Have you insisted that your child hug or kiss "Uncle Charlie, Aunt Esther" or that "Friend" that came home from work with your Father or Mother, or that other relative who visits on weekends or holidays, even though your child obviously feels uncomfortable doing so?

  Of course every parent wants to make sure they aren’t raising rude children, but it can be a dangerous message we give our children when we insist that they deny their own instincts, and force them to be polite or physical with another adult, just so that you as their parent  can save face.  It can be especially risky to insist that they express physical affection when they are clearly uncomfortable doing so.

Why?  Because one of the most important things we can teach our kids when it comes to their personal safety is to “listen”  to their inner voice:  Their instinct – better known as that “Uh-Oh" feeling.  It’s not about being suspicious of every relative who wants to hug our kids.  It is about letting your child decide how they want to express affection and to whom, rather than forcing them to please people, simply because they may be getting a feeling that you are not aware of.

Maybe earlier in the evening, unknown to you, Uncle Charlie, that "friend" stopping by or Aunt Esther  said or did something that felt incredibly uncomfortable to your child that you don't know about, and then later on when it's time to go home, you insist that your daughter kiss Uncle Charlie or Aunt Esther goodbye or Mommy's  or Daddy's friend,  even demanding it when your child flat out refuses.

The message you are sending to your child is this:

  • Don't trust your own instincts
  • You have to obey the grownups no matter what, and
  • Mom and Dad will not believe you if you tell them about an uncomfortable feeling or touch because you haven’t got the right to speak up for yourself.


On the other hand, the message you are sending to Uncle Charlie, that  visiting relative or maybe  even to Dear Aunt Esther is this:   "Jackpot!  Here’s a target — a child who’s been taught to be polite no matter what.  Here’s a child who probably won’t know how to resist an inappropriate touch or have the ability to tell anyone about it." 

...  And then, the next time either of them are at your home, they might even decide to take their actions a little further with your child,  since you’ve basically laid the ground work out for them already.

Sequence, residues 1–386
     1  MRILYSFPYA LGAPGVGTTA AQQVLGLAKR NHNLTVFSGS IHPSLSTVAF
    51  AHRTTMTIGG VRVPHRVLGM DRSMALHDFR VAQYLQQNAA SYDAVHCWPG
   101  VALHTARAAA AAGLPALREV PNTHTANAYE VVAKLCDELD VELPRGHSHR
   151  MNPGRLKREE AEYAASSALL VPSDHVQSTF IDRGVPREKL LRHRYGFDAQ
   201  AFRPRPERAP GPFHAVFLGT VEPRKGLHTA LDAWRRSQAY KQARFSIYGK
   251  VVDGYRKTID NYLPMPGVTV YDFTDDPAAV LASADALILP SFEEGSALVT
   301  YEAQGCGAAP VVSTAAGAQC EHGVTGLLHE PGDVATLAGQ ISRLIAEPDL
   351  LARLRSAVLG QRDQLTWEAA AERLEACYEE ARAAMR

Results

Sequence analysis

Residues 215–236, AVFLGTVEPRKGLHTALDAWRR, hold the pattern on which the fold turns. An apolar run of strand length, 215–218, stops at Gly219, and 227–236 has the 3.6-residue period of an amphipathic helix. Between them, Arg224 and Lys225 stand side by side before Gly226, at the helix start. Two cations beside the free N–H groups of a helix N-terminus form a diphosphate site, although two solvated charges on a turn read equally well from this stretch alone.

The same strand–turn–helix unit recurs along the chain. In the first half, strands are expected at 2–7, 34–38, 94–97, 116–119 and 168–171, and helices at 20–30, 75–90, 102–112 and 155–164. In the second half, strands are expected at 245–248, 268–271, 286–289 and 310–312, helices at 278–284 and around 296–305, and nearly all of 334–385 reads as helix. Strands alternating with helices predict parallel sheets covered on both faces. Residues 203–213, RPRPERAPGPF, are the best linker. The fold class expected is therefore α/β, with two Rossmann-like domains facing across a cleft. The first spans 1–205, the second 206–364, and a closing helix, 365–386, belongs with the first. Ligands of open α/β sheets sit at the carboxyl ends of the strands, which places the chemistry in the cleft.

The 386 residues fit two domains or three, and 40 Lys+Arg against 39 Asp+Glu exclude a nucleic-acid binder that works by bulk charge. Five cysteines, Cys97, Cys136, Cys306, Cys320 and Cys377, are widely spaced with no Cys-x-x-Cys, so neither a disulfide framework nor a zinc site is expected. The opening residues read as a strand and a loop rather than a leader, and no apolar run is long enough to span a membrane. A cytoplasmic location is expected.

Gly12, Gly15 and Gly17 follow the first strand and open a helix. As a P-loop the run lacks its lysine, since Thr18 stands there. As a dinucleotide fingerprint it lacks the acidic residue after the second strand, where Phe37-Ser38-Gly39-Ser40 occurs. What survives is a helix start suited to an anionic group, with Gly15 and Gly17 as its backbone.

There will always be times when your child just doesn't want to hug or kiss someone.  It doesn't necessarily mean it's because the person's a child molester.    Who knows - maybe Uncle Charlie smells funny that day,  or maybe he hugs too tightly and it hurts.  Maybe that "Friend" is a little too  "adamant" about positioning your child on his grown, adult lap in a certain way or spot that is uncomfortable to your child.  Maybe Aunt Esther is simply wearing too much perfume, or  something even more serious - like the fact that she squeezes your childs' buttocks or pats their genitals afterwards, commenting on "how big" or "nice and fat" its getting.  

Whatever the reason,  your child should have the right to decide for themselves.  It is understood that sometimes when you feel that you are "put the spot" so to speak,  and you don't know what to do, you  force your child to give them a kiss  or hug just to get it over with.

   Have you ever said something to your child like:  "Oh, that's just how Uncle Charlie hugs, or Aunt Esther kisses," when they complain to you later?  Just imagine being that child - hoping  his / her Mother or Father is going to help them out of this situation,  only to find that you don't.   Even worse, now here's a child who may question him / herself, not trusting her own instincts because she's been instructed not to, so early in life.

 If you really want to do something to protect your child, let them decide how they want to express affection and to whom.  Ask them if they want to kiss or hug a friend or relative without forcing them to, only because it makes "you" feel better.   After all,  there are other ways to express affection that don’t have to be as physical.